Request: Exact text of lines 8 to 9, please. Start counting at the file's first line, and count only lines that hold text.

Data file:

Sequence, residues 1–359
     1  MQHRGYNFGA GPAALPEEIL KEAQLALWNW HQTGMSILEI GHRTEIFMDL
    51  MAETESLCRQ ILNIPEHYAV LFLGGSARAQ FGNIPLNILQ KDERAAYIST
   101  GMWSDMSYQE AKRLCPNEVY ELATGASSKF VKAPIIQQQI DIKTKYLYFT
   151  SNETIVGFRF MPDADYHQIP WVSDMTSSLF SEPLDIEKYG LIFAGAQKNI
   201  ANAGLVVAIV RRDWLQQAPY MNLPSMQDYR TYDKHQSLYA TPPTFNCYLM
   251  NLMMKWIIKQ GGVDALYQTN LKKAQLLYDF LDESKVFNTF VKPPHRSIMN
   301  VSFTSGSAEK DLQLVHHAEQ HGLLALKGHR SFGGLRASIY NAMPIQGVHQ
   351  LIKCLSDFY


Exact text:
   301  VSFTSGSAEK DLQLVHHAEQ HGLLALKGHR SFGGLRASIY NAMPIQGVHQ
   351  LIKCLSDFY